dave at d...
Sat Jun 14 19:32:01 BST 2003
And weren't the 19th-century bell historians careful to record the varying practice of tolling for the dead when recording 'local uses' - a feature now universally neglected by us.
At Canterbury Cathedral it was always the custom for the Curfew Bell (Bell Harry) on top of the central tower to toll (100 strokes at half minute intervals plus the age at 1 minute intervals) for the reigning sovereign or the incumbent Archbishop. Bell Harry only weighs about 8-cwt, note Bb and is (I believe) still reserved for this use, also for the Curfew and as a Sanctus bell on appropriate occasions. When I was at school in Canterbury it was also rung for the Daily Offices - memorably on one occasion for the breaking of the thick wire rope, whose route was tortuous in the extreme, since when it has never been swung, a succession of electric sloggers having been fitted. When retired Archbishop Fisher died, Bell Harry was called to melancholy duty - but not for long. An observant passer-by enquiring why Bell Harry was tolling was given that reason. A call to the Chapter Office caused almost immediate cessation - but not before the local paper had received a number of enquiries (and subsequently reported the mix up). So the use of the (wrong) passing bell was noted even in comparatively recent times.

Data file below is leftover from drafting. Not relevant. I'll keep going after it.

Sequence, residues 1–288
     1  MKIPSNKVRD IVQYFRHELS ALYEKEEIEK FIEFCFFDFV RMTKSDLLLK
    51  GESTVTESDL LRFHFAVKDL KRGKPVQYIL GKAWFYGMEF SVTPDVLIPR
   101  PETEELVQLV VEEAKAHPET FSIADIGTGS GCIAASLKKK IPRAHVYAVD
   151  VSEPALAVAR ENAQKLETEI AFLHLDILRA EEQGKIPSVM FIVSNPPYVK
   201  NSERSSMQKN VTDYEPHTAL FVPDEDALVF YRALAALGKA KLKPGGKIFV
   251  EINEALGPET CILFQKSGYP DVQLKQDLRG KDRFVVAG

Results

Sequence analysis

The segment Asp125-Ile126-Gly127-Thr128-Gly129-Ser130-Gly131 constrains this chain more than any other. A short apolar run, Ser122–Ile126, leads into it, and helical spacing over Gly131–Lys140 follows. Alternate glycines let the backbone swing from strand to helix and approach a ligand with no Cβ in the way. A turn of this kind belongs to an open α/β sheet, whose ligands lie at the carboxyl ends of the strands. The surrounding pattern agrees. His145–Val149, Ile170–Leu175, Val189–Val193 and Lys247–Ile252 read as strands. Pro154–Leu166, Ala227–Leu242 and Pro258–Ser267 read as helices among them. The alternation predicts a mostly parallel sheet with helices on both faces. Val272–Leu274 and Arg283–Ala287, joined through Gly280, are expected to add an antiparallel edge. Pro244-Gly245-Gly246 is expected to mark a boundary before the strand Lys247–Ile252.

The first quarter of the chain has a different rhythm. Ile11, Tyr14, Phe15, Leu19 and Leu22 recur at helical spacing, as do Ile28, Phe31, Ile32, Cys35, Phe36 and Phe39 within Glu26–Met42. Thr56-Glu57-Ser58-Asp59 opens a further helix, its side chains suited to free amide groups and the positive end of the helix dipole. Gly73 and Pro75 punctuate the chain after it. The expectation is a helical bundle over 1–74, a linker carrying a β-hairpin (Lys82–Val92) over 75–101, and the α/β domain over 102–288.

Archbishop Fisher was duly tolled out on Great Dunstan, at that time hung dead upon the south-west tower roof and 'clocked' - indeed it was not used for anything else except as a passing-bell and to strike the hours. Even then you had to be a member of the Chapter or a former Archbishop, or any other member of the Royal Family than the Sovereign. Certainly the manual tolling of the age followed by half-minute strokes has been in use to within the last thirty years. How good that George observes the custom faithfully at Willoughby. It will be interesting to learn of the practice elsewhere.
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